We couldn’t talk about games without playing a few, of course. Amber and Aaron ran a couple of demos of MapAttack, which is built on their GeoLoqi platform, and lets two teams compete for points by capturing dots while running around outside. At another session I was introduced to Dokobots, an iPhone game involving lost robots who crashlanded on Earth and have to be found and re-activated and sent off to explore things.
WhereCampPDX will be returning again this year as well. We’re tentatively scheduled for October 7-8-9 and ought to have more details on the site soon.
Tomorrow night I’m giving a talk at Code n Splode about interactive fiction. I’m planning to do an intro about how the history of these games has had some interesting outcomes from the technical side (including encouraging open culture/open source practices), do a coding demo with Inform 7, and have some group game play time (9:05, Aisle, and maybe the intro of Lost Pig). It should be a lot of fun, and I’m excited about being able to share what I’ve learned so far.
Note: Code ‘n’ Splode is a women-focused technology user group. If you need more details about the group and our guidelines for participation, see here.
I hosted a session at WhereCampPDX this weekend on Portland, technology, and economic development.
I started things off by suggesting a theory: that Portland’s history as a timber town has influenced our approach to economic development, in ways that are no longer useful as we switch from a physical commodity-driven economy to a digital one. I also talked a little about the tendency for investment and customers to be outside of Portland, causing money to flow into and out of the economy, but not move around inside Portland’s tech economy (we do spend our money on other kinds of local goods and services).
Participants helped build a list of things we know about working in timber vs. working in tech, then we talked through what the effects of these things are, and what we might do about it. Here’s what we came up with:
* semi-limited renewable resource
* fungible/tradeable commodity
* global market – externally facing
* hard to obsolete
* no 2.0? (low innovation rate)
* high startup cost/time (have to grow the trees)
* usually organized labor
* doesn’t travel (you can’t take your trees elsewhere)
* maybe a commodity
* maybe specialized
* global market
* can be an internally or externally facing market
* rapidly changing
* low startup cost
* not much labor organization
* travels well
Side effects (what happens in the local economy as a result?)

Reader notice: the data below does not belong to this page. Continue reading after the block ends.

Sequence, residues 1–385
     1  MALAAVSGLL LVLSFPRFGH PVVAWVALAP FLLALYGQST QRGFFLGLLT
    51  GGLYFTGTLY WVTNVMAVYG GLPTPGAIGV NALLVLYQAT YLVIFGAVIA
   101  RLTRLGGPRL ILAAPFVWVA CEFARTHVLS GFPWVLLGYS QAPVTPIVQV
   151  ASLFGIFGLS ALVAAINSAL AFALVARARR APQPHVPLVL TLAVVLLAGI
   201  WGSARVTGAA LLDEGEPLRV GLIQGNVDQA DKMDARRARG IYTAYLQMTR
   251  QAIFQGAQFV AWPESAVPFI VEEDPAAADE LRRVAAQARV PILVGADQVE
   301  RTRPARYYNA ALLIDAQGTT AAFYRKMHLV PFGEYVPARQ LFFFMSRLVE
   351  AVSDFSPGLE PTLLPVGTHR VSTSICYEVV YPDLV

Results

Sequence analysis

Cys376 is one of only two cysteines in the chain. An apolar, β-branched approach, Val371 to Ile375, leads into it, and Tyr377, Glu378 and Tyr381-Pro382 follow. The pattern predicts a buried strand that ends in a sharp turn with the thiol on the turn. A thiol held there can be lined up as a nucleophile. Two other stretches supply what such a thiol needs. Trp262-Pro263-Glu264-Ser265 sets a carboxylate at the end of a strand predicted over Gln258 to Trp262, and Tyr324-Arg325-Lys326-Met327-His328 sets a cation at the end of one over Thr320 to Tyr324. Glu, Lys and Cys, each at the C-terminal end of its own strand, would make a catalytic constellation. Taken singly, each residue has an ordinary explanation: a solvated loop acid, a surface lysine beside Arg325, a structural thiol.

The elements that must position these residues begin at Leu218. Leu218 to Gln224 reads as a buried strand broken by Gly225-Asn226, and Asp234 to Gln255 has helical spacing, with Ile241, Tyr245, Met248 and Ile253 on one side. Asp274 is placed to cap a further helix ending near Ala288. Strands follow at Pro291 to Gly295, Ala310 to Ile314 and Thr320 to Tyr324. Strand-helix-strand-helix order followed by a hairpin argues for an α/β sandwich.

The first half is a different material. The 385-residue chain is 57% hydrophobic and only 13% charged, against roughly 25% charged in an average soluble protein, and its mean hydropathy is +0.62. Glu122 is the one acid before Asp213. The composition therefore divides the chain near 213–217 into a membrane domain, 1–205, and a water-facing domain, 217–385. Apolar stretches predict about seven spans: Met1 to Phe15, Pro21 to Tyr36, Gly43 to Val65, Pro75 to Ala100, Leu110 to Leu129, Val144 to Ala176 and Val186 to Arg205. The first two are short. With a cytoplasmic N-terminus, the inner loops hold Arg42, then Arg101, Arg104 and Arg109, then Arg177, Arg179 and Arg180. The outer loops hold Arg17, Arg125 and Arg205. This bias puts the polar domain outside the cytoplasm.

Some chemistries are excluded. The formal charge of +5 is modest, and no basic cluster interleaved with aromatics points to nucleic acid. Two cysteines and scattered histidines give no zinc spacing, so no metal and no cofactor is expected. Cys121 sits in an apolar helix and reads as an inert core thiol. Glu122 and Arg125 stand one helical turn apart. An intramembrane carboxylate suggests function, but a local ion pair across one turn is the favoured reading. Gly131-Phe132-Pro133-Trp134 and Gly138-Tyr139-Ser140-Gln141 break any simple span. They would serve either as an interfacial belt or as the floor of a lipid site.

* Regional cash flow problems
* Can we grow?
* Needs replanting
* Needs the right culture
* Tech moves internally (inside the local community)
* Cash doesn’t
* We build relationships around the tech-sharing
* But not around the cash transactions
* Business and tech people don’t speak the same language
* Risk aversion: tech is easy to share, cash is hard
* Differences in barriers to entry (are these being addressed?)
Lessons/goals (what do we want to do about this?)
* need structures for investing $$$ in community tech
* business mentoring (another camp?)
* companies should invest in the community’s tech skills
* keep projects open
* share knowledge locally
* more exposure to local products and marketplace
* local hiring marketplace
* expose businesses to local tech assets
* more directories
* programmer fund: let’s pool money to invest
* fund projects based on community value
* bring management from companies into the practitioner community (take your boss to the user group meeting)
Last week OPB hosted PublicMediaCamp, an evening unconference about news, public media, journalism, and anything else we wanted to discuss. Creepius tagged along and checked out the pledge drive set.
I would not recommend giving Creepius your personal information. Even if he says he’s not going to share it with anyone. He lies.
While he was running around, getting into who knows what sort of mischief, I led a session on Portland, technology, and reporting. Christie and Melissa took notes here. I’ve been thinking about how we can improve the depth of reporting on the local tech scene, so it was fun to brainstorm further with the other participants.
Many attendees expressed an interest in attending a follow-up event, but in the meantime there’s a mailing list to keep the discussion going.